Auction of Wivenhoe Hall Estate 17th March 1927
Comprising 36 Plots of Land Formerly Part of the Manor of Wivenhoe
Added by Pat Marsden
Wivenhoe Hall was the Seat of the Manor of Wivenhoe which had first been mentioned in the Domesday Book in 1066. Over the centuries, the manor descended through several notable families: the de Battaille’s; the Suttons; the de Vere’s, Earls of Oxford; and the Townshend’s, until, in 1657 Horatio Townsend sold the manor to Nicholas Corsellis, descendant of Zegar Corsellis from Flanders, a London merchant and elder of the Dutch church.
The Manor House itself had been reincarnated more than once and had been rebuilt just north-west of the church in the sixteenth century (circa 1530) when it became known as Wivenhoe Hall.
It remained in the Corsellis family for several generations (the Corsellis family memorial can be seen in the old Wivenhoe Cemetery) and it was re-built again in 1844. However in due course financial difficulties began to beset the family and this led to parcels of manorial land being sold off to pay for debts (or ‘incumbrances ‘ as they were frequently called), from the late eighteenth century onwards.
By the late nineteenth century, the contemporary Lord of the Manor, Nicholas Caesar Corsellis Lawton (The Younger) was no longer living at the Hall, but with his mother at Ballast Quay House. The Hall had been occupied by a successive number of tenants and was falling into a state of disrepair.
In the Spring of 1899 the manorial estate began to be completely dismantled and on 16 March, Nicholas Caesar Corsellis Lawton sold 1,257 acres to Ernest Stanley Beard, a Colchester estate agent and auctioneer. This mainly comprised land to the East of the Avenue above what is now Belle Vue Road but also including land in Elmstead, Alresford and property around the Quay and the Cross. Details of this sale can be seen here. [The estate agent’s name lives on today in the streets named Ernest Road and Stanley Road.]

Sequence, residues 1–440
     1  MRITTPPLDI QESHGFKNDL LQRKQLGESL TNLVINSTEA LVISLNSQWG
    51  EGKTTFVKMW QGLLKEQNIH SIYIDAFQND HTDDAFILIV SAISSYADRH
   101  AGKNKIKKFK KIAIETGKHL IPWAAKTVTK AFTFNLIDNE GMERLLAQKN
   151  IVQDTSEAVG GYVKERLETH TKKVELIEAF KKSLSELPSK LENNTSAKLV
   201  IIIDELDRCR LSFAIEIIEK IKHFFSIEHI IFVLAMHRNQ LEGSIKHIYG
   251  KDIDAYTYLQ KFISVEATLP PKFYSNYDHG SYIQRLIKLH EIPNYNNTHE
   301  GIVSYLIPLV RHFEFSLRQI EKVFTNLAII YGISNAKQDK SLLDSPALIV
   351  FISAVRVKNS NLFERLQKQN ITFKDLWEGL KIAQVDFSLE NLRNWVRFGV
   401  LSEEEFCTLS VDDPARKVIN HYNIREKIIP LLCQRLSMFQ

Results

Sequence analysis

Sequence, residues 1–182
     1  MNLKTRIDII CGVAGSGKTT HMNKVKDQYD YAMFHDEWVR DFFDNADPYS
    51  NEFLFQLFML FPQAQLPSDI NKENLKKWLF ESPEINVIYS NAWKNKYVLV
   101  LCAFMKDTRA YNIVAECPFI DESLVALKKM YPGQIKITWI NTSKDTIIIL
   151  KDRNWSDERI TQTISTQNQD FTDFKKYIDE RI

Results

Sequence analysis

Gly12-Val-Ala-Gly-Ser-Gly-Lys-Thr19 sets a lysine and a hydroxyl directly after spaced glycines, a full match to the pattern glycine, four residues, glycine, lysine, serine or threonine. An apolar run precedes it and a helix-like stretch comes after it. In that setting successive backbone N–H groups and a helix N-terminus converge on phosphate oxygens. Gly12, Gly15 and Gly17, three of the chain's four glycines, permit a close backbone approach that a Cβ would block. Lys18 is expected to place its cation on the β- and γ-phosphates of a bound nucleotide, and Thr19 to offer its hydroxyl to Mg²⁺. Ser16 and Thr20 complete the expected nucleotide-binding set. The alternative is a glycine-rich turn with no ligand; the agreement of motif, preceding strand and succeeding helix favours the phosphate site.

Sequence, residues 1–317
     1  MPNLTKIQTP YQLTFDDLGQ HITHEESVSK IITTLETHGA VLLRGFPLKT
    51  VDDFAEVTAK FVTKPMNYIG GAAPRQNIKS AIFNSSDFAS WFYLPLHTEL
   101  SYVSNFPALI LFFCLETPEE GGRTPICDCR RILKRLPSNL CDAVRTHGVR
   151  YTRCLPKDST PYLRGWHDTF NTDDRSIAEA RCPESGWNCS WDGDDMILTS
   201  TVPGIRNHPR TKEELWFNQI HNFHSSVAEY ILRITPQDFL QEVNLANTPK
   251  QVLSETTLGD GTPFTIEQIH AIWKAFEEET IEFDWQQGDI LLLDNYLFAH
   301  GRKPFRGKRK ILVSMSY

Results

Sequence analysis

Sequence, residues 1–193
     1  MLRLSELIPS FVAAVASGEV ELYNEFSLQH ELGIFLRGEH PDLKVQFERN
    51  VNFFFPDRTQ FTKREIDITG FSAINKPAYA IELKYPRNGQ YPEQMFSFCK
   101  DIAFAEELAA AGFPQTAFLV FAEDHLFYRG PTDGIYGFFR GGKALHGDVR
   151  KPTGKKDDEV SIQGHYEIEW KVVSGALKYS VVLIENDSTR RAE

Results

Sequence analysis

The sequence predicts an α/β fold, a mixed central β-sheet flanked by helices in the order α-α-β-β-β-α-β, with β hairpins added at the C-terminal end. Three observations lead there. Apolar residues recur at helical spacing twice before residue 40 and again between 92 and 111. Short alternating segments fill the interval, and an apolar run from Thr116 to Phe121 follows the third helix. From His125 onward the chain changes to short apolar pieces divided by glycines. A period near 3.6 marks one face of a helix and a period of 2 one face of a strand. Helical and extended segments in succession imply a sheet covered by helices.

At this time Wivenhoe Hall itself was occupied by Alexander Kay Barlow (the first and longest-serving Chairman of Wivenhoe Urban District Council) who had taken over the tenancy for £84 a year in 1896. He expressed an interest in purchasing the Hall Estate and on the same date as the previous sale, on 16 March 1899, Nicholas Caesar Corsellis Lawton sold the Hall itself and other property to Alexander Kay Barlow for the sum of £3,500 and this deed is cited in the Auction Pack ‘Stipulations’ for the final disposal of the Hall on 17th March 1927.
On 3rd January 1927 Alexander Kay Barlow conveyed the property to George Charles Gooday of Sudbury, Suffolk, Gentleman, Bertram Purr of Sudbury, Motor Engineer, and John Adams of Sudbury, Nurseryman (thereinafter called the Purchasers) for £4,600.
The Conveyance indicated that the Purchasers (described as joint tenants) might sell the same with the power at discretion to postpone the sale and to stand possessed of the net profits (after paying relevant commitments) and this should be held in trust for the Purchasers in equal shares as tenants in common. Their names are cited in the ‘Memorandum’ listed below.
Two months later the Auction of the “Wivenhoe Hall” Estate took place at The Foresters’ Hall in Wivenhoe on Thursday 17th March 1927 at 6pm. The property was described as Valuable Freehold Building Estate ripe for immediate development and comprising:-
Interesting old house of Georgian and earlier periods, containing much valuable antique material
Outbuildings and Cottage
Numerous Building Plots with 2,600 Feet Frontage to the High Street and the Avenue
21 Acres of Orchard
Parcels of Park Land
A 34 Acre Holding with Set of Premises
Also Standing Timber
To be offered at Auction in 36 Lots by Messrs. Ransom & Sons, Sudbury, Suffolk (Solicitors) and Arthur Rutter, Sons & Co, Bury St Edmunds (Tel. 83) and at Cambridge [See Image 1].
The 36 plots are indicated on the accompanying plan prepared from the 1923 Edition of the Ordnance Survey Map [See Image 3].
The papers and specifications outlined in the auction pack; a summary of the 36 Lots; and their more detailed Particulars can be viewed in the downloads below.
[Note: these are not copies of the original material but are transcriptions made by Pat Marsden in August 2016]